Hula hooping, beat boxing and Indian classical dance were only a few of the acts performed Saturday in the Hogg Auditorium at the Texas Revue, the University’s annual talent show that was attended by more than 1,000 students.
This year Nach Baliye, a coed fusion dance team that performs Bollywood dancing, took home the “Best Overall” award of $1,500. Thomas Gu, mathematics senior who practices the art of Chinese yoyoing, or “diabolo,” won the technical excellence award of $750 for the second year in a row.
Gu said he was not expecting to win, especially since he messed up during his performance when one of his yoyos rolled off stage.
“Even when I mess up, the crowd is still super into it,” Gu said. “At this point, that’s the whole reason why I keep [performing]. I love the crowd.”
Kelly Hogg, chair of Texas Traditions, the committee that plans Texas Revue, said it is common to see similar acts perform and even win year after year, but their domination does not last forever.
“[Gu winning] just proves to me that he has that true level of talent that other acts haven’t quite reached yet,” said Hogg, marketing and business honors senior. “And he is a graduating senior, so that definitely opens the floor up next year for someone.”
Hogg said, even though the audience may not have noticed any changes, the planning stage for this year’s Texas Revue was completely different from previous years. According to Hogg, this is the first year Texas Traditions has planned the talent show.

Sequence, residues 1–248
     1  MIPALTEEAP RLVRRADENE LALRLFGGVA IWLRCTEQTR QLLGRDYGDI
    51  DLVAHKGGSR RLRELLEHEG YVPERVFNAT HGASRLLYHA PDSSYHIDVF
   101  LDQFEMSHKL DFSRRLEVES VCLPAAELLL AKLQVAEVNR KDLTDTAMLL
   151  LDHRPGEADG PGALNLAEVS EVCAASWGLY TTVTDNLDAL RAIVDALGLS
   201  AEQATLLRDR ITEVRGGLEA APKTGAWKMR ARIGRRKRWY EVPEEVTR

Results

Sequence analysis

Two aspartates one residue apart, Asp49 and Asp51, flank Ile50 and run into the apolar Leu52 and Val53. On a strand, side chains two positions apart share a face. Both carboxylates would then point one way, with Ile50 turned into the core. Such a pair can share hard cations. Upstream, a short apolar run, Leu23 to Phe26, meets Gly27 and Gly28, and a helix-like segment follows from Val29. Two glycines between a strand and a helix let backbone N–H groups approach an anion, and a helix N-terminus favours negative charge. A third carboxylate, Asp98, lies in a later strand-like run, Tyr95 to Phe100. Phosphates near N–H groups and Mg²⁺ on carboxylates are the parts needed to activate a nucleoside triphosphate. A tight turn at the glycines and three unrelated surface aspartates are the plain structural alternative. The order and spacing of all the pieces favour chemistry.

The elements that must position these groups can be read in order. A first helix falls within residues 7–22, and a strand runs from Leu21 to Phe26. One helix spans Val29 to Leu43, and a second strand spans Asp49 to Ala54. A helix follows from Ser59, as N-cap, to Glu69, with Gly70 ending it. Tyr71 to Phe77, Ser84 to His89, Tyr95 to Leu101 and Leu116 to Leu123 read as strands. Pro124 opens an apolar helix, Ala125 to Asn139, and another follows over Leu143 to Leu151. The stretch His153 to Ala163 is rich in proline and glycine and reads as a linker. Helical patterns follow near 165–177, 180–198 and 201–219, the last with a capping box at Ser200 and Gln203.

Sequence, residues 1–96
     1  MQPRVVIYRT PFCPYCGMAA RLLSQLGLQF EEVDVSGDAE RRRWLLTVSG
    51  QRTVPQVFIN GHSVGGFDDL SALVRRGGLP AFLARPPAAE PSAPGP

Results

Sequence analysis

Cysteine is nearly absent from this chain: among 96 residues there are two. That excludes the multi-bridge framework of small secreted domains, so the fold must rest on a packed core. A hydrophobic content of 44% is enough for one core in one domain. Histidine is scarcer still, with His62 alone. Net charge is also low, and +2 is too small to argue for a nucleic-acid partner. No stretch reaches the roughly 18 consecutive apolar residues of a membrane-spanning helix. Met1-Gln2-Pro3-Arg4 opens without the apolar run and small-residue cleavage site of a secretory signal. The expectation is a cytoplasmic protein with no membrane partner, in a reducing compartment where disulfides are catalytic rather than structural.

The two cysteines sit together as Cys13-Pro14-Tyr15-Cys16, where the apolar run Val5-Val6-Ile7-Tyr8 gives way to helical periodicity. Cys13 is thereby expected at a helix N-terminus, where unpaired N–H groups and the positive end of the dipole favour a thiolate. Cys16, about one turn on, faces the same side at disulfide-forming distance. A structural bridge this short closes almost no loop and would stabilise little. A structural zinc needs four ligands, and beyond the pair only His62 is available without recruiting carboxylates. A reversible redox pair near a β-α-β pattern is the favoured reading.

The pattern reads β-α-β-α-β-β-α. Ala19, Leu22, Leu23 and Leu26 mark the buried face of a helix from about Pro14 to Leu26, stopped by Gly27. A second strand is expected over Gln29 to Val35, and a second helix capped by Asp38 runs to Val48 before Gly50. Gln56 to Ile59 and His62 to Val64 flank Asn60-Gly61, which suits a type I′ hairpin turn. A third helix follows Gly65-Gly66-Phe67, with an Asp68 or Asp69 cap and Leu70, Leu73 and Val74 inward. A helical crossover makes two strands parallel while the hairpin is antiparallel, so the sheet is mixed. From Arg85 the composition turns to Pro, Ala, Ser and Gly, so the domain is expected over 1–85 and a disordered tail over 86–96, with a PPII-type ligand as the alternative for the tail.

“Last year, there was one committee where all they did was plan this event all year long,” Hogg said. “This year we had one committee, [Texas Traditions], planning three events including 40 Acres Fest. It was 15 of us planning these two giant events, while still trying to make our way as a committee and figuring out how we were going to operate.”
Neha Srivastava, finance and business honors senior and event coordinator for Texas Revue, said some ideas the committee came up with while planning the show involved making it more of a red carpet event. Texas Traditions passed out bow ties and pearls at the entrance to the auditorium and had GigglePants improv troupe members emcee the show to create more audience interaction.
“[We tried] to take it from a different approach: from it simply being a talent show to trying to engage the audience and bring them in,” Srivastava said. “[We wanted to] make them be part of the entire show as well.”